I started practice as a young family practitioner in Princeton, MN in 1969. At this time there were no residencies in Family Practice or Emergency Medicine. It was prior to the days of HMOs and practice management companies. The practice management companies probably started out with the altruistic belief they could help physicians by freeing up time to the physician in order to have more time available for seeing patients. A noble thought to be sure.
Let us move back in time a couple years. In 1972 my partner, Norm Metcalf and I stewed for at least one or two weeks trying to decide if it would be OK for us to increase our office call charges from $5 to $6. We eventually did this.
This was definitely a different time in medicine. When patients did not have money to pay for medical care, we often cared for them for nothing. It was more of a time when physicians could actually meet their patients in public and know their names and what was going on with their families. It was a wonderful time to be a physician. We didn’t have quotas and time limits. We could spend the time needed with our patients. The new way of making physicians see patients within certain time limits or meeting a quota just does not work or provide for good patient care.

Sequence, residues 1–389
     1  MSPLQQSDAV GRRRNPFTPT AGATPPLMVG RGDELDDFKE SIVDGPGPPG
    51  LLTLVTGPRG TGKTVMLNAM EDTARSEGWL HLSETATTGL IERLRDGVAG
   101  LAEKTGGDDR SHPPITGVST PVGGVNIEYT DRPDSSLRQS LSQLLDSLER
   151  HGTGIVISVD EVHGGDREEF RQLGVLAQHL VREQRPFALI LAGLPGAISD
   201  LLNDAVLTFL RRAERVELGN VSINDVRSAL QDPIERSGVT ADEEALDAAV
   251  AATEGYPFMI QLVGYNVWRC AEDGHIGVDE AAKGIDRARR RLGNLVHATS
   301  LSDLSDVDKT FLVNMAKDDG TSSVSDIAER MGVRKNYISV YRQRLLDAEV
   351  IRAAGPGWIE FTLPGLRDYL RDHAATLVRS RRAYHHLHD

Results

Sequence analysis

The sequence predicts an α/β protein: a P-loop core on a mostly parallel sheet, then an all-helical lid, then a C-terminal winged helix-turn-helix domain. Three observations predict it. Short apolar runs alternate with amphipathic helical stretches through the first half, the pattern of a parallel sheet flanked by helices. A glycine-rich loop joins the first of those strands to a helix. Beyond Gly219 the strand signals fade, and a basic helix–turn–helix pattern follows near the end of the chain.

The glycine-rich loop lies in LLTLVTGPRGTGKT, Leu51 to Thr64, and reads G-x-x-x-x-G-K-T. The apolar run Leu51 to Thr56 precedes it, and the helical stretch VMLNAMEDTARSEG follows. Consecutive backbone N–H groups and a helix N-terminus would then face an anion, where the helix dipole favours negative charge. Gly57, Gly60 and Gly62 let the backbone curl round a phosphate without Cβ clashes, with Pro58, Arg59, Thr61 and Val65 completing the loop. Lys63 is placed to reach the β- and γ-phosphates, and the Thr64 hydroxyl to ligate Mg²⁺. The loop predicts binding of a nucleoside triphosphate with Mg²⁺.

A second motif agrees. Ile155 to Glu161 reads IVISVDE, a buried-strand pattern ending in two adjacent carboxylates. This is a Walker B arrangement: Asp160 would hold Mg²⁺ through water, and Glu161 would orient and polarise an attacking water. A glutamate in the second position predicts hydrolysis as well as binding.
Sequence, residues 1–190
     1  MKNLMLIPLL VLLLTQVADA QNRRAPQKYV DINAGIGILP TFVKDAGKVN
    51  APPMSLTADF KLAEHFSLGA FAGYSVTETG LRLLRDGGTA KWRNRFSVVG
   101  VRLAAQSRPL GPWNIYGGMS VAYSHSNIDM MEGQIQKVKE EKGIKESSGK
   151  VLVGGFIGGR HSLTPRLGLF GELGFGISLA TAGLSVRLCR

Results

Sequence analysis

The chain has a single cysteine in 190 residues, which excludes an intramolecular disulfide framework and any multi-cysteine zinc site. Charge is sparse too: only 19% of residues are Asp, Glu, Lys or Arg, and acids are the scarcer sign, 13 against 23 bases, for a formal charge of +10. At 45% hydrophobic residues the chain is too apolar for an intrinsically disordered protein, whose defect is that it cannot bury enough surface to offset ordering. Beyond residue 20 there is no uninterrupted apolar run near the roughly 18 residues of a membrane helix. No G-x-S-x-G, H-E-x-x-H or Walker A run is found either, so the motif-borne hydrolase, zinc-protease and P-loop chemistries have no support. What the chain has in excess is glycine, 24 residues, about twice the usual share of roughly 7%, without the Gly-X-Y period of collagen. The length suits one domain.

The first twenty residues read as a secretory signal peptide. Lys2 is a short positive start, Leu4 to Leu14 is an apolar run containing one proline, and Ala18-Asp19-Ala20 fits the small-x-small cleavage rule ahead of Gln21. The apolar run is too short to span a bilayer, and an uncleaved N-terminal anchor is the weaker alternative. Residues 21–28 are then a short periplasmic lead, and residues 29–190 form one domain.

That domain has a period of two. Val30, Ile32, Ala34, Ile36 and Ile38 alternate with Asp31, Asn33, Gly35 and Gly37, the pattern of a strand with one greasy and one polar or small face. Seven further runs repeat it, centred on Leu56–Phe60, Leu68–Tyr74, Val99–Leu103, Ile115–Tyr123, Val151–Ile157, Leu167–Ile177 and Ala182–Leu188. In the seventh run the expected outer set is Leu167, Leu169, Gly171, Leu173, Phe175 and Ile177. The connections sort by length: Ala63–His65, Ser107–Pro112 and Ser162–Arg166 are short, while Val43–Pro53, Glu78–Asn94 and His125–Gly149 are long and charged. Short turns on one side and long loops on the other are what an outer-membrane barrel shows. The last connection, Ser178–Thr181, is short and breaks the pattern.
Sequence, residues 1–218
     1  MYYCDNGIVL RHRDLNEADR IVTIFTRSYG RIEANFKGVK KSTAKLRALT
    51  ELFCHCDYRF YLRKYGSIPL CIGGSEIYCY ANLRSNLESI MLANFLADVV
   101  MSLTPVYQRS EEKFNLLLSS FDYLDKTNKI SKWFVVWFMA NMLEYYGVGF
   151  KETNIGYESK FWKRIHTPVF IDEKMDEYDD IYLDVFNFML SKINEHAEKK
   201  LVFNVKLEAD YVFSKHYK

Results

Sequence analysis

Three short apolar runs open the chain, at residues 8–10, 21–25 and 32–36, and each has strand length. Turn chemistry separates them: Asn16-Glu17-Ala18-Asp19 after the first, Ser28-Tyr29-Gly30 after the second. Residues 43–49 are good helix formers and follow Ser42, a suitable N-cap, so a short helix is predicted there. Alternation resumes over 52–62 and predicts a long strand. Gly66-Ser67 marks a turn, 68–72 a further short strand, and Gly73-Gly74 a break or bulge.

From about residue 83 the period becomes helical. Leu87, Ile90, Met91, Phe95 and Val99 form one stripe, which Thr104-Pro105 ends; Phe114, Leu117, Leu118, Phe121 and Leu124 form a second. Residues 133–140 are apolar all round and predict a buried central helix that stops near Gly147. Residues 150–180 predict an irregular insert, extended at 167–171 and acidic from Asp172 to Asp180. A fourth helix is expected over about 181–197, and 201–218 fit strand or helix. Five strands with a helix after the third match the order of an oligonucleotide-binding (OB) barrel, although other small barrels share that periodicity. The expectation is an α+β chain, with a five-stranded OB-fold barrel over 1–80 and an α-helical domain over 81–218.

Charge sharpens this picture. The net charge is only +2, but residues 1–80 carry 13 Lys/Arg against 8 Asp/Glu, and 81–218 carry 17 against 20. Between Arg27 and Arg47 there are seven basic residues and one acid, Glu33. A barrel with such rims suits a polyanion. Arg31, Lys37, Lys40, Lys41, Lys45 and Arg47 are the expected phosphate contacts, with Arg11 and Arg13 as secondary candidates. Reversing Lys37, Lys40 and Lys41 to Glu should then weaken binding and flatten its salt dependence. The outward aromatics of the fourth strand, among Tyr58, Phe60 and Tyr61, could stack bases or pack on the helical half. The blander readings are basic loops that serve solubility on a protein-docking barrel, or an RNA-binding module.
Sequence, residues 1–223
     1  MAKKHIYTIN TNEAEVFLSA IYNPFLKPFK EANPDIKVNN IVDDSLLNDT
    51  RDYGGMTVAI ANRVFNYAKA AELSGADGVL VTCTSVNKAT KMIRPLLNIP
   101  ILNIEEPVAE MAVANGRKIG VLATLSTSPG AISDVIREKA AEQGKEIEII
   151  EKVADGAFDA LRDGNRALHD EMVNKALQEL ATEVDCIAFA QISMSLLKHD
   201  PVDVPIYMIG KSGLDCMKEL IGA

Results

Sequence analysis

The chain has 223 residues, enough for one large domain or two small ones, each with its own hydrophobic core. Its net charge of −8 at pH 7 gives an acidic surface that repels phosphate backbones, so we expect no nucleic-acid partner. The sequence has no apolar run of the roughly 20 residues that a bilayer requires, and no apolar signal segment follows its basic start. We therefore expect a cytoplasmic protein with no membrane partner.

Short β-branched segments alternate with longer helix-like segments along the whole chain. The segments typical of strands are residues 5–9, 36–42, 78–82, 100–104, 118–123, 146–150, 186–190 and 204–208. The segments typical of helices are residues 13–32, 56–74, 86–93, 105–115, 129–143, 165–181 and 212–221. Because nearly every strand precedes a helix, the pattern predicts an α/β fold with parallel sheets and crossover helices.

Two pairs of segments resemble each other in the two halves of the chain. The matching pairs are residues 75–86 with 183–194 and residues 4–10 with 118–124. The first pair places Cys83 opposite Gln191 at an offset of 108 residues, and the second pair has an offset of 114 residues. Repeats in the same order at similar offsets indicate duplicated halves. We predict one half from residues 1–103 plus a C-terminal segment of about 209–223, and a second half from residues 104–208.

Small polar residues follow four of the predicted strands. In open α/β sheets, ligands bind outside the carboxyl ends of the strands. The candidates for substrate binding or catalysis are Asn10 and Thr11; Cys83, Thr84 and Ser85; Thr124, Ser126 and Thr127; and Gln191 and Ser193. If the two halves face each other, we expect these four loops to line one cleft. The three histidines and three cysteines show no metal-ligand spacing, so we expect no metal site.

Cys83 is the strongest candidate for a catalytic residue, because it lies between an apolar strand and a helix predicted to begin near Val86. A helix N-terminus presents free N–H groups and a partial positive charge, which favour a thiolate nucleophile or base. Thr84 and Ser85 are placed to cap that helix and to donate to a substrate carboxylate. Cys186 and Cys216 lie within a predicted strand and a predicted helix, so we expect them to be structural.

It is no wonder. It takes much longer if you are dealing with a family who has just lost a child than the five minutes to diagnose and treat a case of poison ivy.
Please send these blogs onto your friends. It will take a ground swell from our youth to change our American compass heading.